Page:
Good afternoon DoD readers, and welcome to today’s District Daily! Check out some great Washington Nationals articles from around the web below.
We start off today’s Daily with a very interesting article from Chelsea Janes of the Washington Post. In the article, Janes discusses the offensive success of Nationals bench player Clint Robinson this season and the long road in the minors that finally led to his first lengthy stay in the big leagues. Janes also discusses how his short and direct swing has been key to his success throughout his long professional career and during his rookie campaign in 2015, and looks ahead to how the rest of the season is shaping out for the 30-year-old rookie.
As Janes notes, Robinson is finally a key part of a big league team. After spending eight seasons in the minor league systems of three different MLB franchises, the outfielder/first baseman finally got a chance to shine at the game’s highest level this season. Robinson, who joined the Nationals in Spring Training as a non-roster invitee, made the Opening Day roster and has stayed with the team ever since.
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Prior to this season, Robinson had only 13 major league at-bats to his name. He had never hit a home run, he had never hit a double, he had never hit a triple, and he had never stayed with a big league club for any considerable amount of time. This season, Robinson is hitting .269 in 182 major league at-bats. He has four homers, 11 doubles and, yes, he even has a triple.
While his numbers may not seem all that impressive, his value to the Nationals this season has been monumental. Thanks to his ability to play the outfield and first base, the Nationals have a solid player who has been able to step in when other players have been injured. Ryan Zimmerman, Denard Span and Jayson Werth have all spent significant time on the disabled list this season and Robinson has been fundamental in making up for their absences all season long.
For Robinson, the injuries that have plagued the Nationals all season long have given him ample opportunity to prove his worth as a big league player, and he hasn’t disappointed. But, as Janes notes, things will never be easy for Robinson.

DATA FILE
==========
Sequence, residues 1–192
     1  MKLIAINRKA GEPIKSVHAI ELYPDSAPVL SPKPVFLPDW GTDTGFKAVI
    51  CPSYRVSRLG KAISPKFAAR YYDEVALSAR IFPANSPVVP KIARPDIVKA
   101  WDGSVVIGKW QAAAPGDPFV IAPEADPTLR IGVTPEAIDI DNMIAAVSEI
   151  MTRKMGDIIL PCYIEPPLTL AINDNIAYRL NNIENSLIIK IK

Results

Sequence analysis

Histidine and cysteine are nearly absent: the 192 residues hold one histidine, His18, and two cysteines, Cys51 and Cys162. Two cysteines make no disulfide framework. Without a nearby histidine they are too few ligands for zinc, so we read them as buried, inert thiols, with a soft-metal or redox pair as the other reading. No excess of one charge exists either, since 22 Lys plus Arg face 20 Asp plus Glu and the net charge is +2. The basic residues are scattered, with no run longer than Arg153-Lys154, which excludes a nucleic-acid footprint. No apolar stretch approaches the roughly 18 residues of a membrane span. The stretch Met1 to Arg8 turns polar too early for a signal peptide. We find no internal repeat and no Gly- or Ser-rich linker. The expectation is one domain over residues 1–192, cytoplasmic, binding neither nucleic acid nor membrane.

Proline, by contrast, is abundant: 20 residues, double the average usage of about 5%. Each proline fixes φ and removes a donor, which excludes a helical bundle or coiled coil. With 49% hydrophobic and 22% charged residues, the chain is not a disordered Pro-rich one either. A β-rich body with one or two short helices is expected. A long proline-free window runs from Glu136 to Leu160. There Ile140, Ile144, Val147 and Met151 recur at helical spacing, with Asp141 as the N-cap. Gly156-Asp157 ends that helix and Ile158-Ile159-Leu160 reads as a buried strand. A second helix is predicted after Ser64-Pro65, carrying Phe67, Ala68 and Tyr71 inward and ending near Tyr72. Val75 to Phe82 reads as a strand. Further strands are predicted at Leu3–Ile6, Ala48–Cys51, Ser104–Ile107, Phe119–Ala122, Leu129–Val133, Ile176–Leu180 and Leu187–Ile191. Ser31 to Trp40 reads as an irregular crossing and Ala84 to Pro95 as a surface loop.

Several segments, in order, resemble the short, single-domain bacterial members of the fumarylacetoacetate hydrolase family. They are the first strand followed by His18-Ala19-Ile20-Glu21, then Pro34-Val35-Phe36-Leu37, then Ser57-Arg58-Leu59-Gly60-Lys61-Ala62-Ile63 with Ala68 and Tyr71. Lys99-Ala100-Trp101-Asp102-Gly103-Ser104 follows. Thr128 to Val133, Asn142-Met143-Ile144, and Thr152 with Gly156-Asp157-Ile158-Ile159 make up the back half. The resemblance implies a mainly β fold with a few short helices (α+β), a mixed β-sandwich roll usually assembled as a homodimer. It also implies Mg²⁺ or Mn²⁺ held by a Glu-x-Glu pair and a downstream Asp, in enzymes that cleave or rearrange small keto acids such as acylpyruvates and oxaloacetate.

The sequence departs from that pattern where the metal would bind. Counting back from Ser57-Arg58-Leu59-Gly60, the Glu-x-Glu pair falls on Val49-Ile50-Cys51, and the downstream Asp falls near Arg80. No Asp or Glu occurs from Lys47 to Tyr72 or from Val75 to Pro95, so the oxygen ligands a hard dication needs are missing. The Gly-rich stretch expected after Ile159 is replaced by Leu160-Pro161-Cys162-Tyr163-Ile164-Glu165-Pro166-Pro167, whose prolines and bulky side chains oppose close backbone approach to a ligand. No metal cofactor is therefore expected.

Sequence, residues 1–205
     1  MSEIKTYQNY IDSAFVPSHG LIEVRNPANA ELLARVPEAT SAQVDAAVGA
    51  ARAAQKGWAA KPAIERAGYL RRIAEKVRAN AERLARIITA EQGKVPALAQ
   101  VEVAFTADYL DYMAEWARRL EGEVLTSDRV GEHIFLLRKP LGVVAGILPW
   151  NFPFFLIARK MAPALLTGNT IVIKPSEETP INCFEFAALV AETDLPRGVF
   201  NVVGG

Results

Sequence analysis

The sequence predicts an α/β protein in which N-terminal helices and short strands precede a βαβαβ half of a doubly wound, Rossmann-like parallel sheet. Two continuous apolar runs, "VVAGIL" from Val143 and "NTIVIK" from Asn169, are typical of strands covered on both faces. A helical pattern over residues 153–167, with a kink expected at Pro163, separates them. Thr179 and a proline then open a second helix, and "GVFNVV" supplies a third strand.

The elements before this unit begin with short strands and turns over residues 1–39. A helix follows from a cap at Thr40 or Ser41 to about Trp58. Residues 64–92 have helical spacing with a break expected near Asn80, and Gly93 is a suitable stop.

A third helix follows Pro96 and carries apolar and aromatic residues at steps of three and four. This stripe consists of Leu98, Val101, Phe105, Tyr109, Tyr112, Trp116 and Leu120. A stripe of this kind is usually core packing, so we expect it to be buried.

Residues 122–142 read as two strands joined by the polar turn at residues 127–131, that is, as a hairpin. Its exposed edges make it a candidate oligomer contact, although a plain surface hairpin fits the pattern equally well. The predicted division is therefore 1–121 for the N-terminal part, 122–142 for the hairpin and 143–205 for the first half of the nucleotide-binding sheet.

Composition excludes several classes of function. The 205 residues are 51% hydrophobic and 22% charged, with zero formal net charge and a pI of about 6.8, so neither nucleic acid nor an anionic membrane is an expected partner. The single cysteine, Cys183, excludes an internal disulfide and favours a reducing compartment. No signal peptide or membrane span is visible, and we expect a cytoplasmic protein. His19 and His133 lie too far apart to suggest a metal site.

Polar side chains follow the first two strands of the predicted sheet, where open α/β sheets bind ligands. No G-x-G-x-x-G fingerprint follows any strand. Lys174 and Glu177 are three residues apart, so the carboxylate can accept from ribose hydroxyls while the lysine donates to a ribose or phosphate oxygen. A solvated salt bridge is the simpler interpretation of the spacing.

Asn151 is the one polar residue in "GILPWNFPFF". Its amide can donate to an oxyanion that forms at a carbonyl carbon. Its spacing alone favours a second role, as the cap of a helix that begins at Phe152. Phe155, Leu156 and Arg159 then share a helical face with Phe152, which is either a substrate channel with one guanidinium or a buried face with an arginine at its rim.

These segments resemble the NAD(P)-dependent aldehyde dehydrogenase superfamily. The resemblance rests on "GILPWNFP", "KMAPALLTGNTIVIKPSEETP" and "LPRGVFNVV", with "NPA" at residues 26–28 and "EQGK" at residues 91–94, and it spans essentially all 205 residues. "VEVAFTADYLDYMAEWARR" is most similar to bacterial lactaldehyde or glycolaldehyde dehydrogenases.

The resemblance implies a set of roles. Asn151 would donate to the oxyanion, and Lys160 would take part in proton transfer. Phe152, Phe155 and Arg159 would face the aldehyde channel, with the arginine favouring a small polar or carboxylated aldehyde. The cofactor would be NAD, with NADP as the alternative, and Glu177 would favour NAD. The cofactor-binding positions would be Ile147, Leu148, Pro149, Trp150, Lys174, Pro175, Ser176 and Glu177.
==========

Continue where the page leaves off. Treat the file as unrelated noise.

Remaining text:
The Nationals are finally getting healthy and Zimmerman and Werth will be back in the everyday lineup very soon. With the cavalry making its way back, the Nationals will have to make some hard decisions to make room on the roster. Right now, it’d be surprising if Robinson is the one sent down given his success this season and the fact that he’s a left-handed hitter in an offense that leans heavily to the right side. But Robinson’s playing time will likely decrease substantially, and it’s harder to see success at the big league level when you’re not getting a whole lot of at-bats.
But as Robinson has shown throughout his career, he’s not afraid of long odds and adversity. The 30-year-old journeyman has been a key part of the Nationals’ offense this season, and if he continues to perform at the level we’ve seen from him all year long, there’s a good chance his first lengthy stay in the big leagues won’t be over any time soon.
Also in today’s Daily, MLB.com’s John McGonigal discusses how rookie Joe Ross continues to show that he belongs in the big leagues. With Stephen Strasburg set to return from the 15-day disabled list in the near future, the Nationals will soon have to decide if Ross will stay with the big league club for the stretch run or if he’ll head back to the minors.
Be sure to check out both articles below, they’re definitely worth a read. And as always, stay tuned to DoD for all your Washington Nationals needs.
With short swing, Nationals’ Robinson seeks lengthy stay
Hours before most games, Clint Robinson stands in front of his locker with his batting gloves on and a bat in hand, getting a feel for it. He chops it through the air with a quick flick of his wrists, staring at the bat all the while, rarely taking full swings, which in his case would not involve much more effort anyway.
The swing that finally got Robinson to the majors is efficient and direct, like Robinson himself, “the ultimate realist,” as his wife describes him — honed to hit anywhere and forced to do so by the realities of professional baseball he outlasted to earn his first real significant big league chance at age 30.
Most 6-foot-5 left-handed power hitters don’t swing like Robinson; they are more willing to sacrifice consistent contact for homers with long, looping swings. Read full article here.
Ross continues to show he belongs on big league stage
PITTSBURGH — With Stephen Strasburg (left oblique strain) slowly regaining his health, Joe Ross‘ spot in the Nationals’ rotation may be nearing its expiration date. But he’s taking advantage of each Major League start, looking like a seasoned veteran in the process.
The 22-year-old rookie’s composure was showcased yet again in a 3-1 series-finale loss to the Pirates on Sunday at PNC Park. Ross, in his fifth career start, dealt with conviction — yielding three runs but just five hits, while needing only 78 pitches to complete six strong innings. Read full article here.